“The comeback few expected but everyone wanted”: AC/DC’s Power Up tour – the first review

AC/DC kicked off their first tour in eight years with a show in Germany. We were there

AC/DC’s Angus Young performing onstage at the Veltsin Arena in Gelsnekirchen, Germany
(Image: © Ina Fassbender/AFP via Getty Images)

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Emotion? What emotion? “It’s wonderful to see ya all again, ” mutters AC/DC singer Brian Johnson cheerfully at the end of tonight’s opening song If You Want Blood (You’ve Got It) like he’s walked into an afternoon session at his local boozer rather than kicking off his band’s first tour in eight years. “Enjoy yourselves, OK?”

This famously hard-shelled band don’t do sentimentality, but the 70,000 people gathered under the closed roof of the vast Veltins-Arena, just outside of the German city of Gelsenkirchen, are definitely feeling it. All but the most blindly optimistic AC/DC fan doubted this night would ever come. The band that wound up the Rock Or Bust tour in 2016 were three key men down: singer Brian Johnson, retired injured halfway through and replaced by stand-in Axl Rose; drummer Phil Rudd, in legal hot water after some ill-advised drug possession/death threats shenanigans; and, most poignantly, guitarist and AC/DC’s steely heart Malcolm Young, at home battling the dementia that would eventually claim his life (bassist Cliff Williams also announced his retirement after the tour was over). Sure, there was last year’s comeback at the Power Trip festival, but who knew where there that was going to lead.

Here, as it turns out, to the home of German football team FC Schalke, where the band are belatedly kicking off a 24-date stadium tour in support of 2020’s Power Up album. Malcolm, Rudd and Williams aren’t up there anymore, their places taken respectively by old standby Stevie Young plus drummer Matt Laug and bassist Chris Cheney. But Angus Young is still here and so is Brian Johnson, his debilitating loss of hearing sorted by the surgeons. And that’s what matters.

At 8.30 prompt, the lights go down and the nine giant screens that span the stage pop into retina-searing life. An animated intro video shows a flame-red hotrod with furry lightning bolt dice hanging from the mirror and an Angus Young hood ornament heading down the autobahn to hell to the gig. There’s a roar from the crowd as it screeches to a halt in some virtual backstage area and then… AC/DC amble onstage like it’s just another gig.

Which in many ways it is. It’s exactly the same setlist as they played at Power Trip, with the running order slightly remixed. If You Want Blood… and Shot Down In Flames aside, the first half leans into the Johnson years. Back In Black is heavily mined, of course, and both Thunderstruck and Rock And Roll Train have become modern classics, but it’s good to hear Stiff Upper Lip again, and Shot In The Dark and Demon Eyes represent Power Up (shame there’s no Through The Mists Of Time, one the best songs they’ve written since Back In Black). The second half flips the script, focussing on the Bon Scott years: Sin City, Dirty Deeds Done Dirt Cheap, High Voltage, Whole Lotta Rosie, TNT… all as familiar as that pair of jeans with the ripped pocket and holes in the arse.

Yet even AC/DC have moved with the times. With the exception of the giant bell that descends from the ceiling to usher in Hells Bells, the physical props of old - giant wrecking balls, inflatable Rosies and the rest - have been consigned to deep storage. Most of the visual action takes place on the giant screens that span the stage. The red visuals give the stadium a hellish cast during Demon Eyes, Angus is flame-grilled during Highway To Hell and the band are rendered in moody black and white during Back In Black.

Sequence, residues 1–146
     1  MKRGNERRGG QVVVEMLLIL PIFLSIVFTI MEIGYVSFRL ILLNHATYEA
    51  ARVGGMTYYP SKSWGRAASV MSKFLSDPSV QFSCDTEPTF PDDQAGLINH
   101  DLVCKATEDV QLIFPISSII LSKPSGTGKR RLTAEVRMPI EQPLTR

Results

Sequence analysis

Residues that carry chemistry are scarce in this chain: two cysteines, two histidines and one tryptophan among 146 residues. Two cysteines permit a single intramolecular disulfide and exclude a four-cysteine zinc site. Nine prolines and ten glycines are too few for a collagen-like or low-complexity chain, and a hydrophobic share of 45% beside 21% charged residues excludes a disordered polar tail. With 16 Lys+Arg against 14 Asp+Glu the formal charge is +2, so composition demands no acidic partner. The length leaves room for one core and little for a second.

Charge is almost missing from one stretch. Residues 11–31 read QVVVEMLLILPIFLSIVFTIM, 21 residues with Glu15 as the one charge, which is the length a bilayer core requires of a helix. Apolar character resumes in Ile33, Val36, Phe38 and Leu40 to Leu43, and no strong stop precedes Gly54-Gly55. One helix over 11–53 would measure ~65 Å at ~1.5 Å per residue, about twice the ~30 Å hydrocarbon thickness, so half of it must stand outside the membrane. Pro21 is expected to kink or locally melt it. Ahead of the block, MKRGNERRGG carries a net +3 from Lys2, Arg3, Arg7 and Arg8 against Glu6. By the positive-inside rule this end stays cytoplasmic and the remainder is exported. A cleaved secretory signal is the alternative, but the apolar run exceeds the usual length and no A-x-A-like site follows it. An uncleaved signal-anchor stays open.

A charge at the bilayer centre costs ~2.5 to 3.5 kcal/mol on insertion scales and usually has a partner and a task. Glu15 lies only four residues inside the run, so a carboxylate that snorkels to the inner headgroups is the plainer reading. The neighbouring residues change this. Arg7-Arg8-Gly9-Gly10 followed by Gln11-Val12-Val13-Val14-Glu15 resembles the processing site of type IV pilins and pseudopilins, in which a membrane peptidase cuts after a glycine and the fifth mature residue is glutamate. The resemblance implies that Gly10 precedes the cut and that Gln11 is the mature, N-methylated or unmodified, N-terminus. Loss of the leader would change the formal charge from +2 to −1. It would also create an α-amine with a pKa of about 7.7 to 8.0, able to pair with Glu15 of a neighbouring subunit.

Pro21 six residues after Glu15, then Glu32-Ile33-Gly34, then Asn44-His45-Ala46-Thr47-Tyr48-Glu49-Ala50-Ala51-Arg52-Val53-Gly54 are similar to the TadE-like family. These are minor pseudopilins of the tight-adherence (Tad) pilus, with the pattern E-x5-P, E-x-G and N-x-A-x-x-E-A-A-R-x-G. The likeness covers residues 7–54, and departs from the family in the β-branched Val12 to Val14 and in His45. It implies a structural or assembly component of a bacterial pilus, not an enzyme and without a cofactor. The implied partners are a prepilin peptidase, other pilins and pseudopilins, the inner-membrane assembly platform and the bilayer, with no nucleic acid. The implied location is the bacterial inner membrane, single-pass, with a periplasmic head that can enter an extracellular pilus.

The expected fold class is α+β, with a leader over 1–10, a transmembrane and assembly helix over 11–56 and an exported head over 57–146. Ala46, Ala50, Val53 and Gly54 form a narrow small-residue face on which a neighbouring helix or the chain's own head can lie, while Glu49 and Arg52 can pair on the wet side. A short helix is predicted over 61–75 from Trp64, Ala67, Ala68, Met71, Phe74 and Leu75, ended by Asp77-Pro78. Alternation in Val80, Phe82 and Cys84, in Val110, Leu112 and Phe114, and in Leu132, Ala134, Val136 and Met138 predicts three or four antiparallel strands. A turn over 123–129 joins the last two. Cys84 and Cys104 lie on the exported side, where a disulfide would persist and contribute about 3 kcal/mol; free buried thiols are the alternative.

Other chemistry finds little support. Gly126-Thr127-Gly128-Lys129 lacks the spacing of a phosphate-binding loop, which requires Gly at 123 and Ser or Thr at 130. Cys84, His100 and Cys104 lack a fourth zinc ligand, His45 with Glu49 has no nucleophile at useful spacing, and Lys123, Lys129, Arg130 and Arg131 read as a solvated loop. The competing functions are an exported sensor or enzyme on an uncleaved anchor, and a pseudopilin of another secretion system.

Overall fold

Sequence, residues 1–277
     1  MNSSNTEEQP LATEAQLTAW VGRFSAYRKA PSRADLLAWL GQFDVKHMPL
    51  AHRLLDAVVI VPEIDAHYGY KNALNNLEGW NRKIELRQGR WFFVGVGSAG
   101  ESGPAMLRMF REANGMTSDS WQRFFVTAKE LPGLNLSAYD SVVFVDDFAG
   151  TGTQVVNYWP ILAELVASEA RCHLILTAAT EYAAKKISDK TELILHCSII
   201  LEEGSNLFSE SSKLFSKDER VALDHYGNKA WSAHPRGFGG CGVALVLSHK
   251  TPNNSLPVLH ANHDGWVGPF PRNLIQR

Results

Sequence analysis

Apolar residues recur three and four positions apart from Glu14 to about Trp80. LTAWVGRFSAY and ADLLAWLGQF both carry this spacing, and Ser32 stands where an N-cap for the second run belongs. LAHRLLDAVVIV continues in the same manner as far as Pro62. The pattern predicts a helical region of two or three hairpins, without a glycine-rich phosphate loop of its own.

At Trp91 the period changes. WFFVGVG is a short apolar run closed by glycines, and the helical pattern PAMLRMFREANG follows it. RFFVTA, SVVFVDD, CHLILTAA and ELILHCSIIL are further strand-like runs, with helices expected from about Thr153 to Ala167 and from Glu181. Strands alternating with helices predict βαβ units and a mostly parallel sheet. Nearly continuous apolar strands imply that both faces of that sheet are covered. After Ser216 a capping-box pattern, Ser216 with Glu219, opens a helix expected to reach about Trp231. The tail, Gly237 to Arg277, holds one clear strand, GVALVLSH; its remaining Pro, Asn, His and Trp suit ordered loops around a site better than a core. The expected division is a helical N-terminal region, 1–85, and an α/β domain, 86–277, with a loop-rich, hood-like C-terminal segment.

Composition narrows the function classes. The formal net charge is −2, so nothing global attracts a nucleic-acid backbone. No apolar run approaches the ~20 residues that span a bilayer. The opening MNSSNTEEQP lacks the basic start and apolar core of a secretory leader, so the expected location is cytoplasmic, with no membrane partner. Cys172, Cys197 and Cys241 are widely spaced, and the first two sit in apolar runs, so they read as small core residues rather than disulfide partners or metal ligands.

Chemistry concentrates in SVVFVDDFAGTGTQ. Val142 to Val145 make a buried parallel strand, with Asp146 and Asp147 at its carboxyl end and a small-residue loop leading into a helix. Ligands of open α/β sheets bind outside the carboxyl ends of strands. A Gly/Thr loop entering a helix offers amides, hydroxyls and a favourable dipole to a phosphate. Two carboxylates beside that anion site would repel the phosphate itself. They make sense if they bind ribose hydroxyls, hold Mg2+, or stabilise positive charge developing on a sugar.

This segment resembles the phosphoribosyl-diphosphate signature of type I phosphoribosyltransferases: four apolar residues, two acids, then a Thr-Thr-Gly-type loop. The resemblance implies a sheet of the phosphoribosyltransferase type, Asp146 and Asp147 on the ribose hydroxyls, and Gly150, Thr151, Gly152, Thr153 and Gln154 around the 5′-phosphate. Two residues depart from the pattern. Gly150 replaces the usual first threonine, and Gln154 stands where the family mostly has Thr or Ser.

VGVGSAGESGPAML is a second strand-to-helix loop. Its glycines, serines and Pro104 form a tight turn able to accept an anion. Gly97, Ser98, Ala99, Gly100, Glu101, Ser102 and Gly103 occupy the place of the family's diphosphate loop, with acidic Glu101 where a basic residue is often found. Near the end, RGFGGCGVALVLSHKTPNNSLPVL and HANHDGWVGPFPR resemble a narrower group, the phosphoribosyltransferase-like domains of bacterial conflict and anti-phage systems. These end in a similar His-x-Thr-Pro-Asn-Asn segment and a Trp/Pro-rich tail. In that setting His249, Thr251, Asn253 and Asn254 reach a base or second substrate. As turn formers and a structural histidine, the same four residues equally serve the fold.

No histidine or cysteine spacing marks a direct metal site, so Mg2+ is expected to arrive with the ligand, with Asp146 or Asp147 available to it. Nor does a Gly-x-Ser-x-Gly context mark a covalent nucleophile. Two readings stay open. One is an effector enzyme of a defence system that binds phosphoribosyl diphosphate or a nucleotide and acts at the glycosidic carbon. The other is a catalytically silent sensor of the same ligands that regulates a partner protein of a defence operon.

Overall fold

AC/DC’s Brian Johnson performing onstage at the Veltsin Arena in Gelsnekirchen, Germany

(Image credit: Ina Dassbender/AFP via Getty Images)

There are concessions to age, too. Angus’ mid-solo stripteases are a thing of the past, as is the sight of him perched on that wrecking ball. But he’s still the greatest whole-body guitar player in history, duckwalking through Riff Raff and spinning on his back like a silver-haired turtle at the climax of the extended, ever-electrifying Let There Be Rock. And if Beano’s voice isn’t quite the force of nature it once was, he’s got 70,000 people helping him out.

There are few minor first night glitches. Angus sidles off to the side of the stage to swap his guitar midway through Hell Ain’t A Bad Place To Be. A couple of songs are preceded by moments of silence as the guitarist and singer huddle round the drumkit, discussing who knows what. Someone backstage is probably sweating profusely for their job at that point.

Surprises? If you want surprises, go see a jazz band. Stevie Young and Chris Cheney still amble to and from their microphones twice in every song to sing backing vocals, like they’re on rails. Johnson’s between-song patter is still a mix of unintelligible mumbles, phlegmy coughs, random noise and what at one point sounds like a Tarzan impression. And the show still ends with For Those About To Rock (We Salute You) and the deafening sound of those six gigantic cannons exploding from atop the amps. Heavy artillery, like AC/DC themselves, never goes out of fashion. It’s the comeback few expected but everyone wanted. It’s been emotional. It really has.

Dave Everley

Dave Everley has been writing about and occasionally humming along to music since the early 90s. During that time, he has been Deputy Editor on Kerrang! and Classic Rock, Associate Editor on Q magazine and staff writer/tea boy on Raw, not necessarily in that order. He has written for Metal Hammer, Louder, Prog, the Observer, Select, Mojo, the Evening Standard and the totally legendary Ultrakill. He is still waiting for Billy Gibbons to send him a bottle of hot sauce he was promised several years ago.